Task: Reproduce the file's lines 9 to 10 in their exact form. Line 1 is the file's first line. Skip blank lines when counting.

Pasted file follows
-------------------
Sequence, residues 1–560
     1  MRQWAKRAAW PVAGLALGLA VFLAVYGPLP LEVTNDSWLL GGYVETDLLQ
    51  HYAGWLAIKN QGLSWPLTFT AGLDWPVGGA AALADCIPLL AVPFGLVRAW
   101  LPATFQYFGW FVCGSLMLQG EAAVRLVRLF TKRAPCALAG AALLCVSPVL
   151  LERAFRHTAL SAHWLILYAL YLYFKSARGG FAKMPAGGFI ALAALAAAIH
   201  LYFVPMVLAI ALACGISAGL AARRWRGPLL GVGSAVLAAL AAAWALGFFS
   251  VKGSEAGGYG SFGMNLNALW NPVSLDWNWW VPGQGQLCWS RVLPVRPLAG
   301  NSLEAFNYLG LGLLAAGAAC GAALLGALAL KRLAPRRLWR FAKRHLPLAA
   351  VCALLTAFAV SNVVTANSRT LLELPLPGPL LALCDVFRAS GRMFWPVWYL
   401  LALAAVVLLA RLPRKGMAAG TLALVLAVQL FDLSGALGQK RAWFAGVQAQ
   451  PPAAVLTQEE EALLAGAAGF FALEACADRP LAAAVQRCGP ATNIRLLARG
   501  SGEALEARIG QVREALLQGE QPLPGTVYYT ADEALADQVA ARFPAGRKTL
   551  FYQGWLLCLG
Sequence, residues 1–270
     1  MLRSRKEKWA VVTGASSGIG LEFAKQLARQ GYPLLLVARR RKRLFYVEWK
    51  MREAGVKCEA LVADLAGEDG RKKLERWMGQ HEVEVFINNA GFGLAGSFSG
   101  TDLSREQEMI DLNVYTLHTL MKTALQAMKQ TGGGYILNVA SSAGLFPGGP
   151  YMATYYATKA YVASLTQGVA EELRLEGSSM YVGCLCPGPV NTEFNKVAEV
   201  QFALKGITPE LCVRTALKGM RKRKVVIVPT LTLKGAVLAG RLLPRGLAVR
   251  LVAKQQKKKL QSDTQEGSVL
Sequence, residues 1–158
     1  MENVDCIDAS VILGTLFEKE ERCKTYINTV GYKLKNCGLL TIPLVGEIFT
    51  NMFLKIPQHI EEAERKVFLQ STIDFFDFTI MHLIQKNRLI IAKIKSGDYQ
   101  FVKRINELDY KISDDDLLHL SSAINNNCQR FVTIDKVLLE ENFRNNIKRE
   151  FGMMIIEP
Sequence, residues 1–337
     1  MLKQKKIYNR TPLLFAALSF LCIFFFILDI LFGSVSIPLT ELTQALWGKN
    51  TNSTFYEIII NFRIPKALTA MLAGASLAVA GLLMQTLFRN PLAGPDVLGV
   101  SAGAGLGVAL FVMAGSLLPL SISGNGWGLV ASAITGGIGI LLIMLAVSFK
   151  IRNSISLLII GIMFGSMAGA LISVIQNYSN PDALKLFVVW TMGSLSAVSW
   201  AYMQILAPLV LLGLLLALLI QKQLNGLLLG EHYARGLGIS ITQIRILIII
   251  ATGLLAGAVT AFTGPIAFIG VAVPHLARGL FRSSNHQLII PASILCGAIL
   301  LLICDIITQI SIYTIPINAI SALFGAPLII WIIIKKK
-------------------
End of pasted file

   351  VCALLTAFAV SNVVTANSRT LLELPLPGPL LALCDVFRAS GRMFWPVWYL
   401  LALAAVVLLA RLPRKGMAAG TLALVLAVQL FDLSGALGQK RAWFAGVQAQ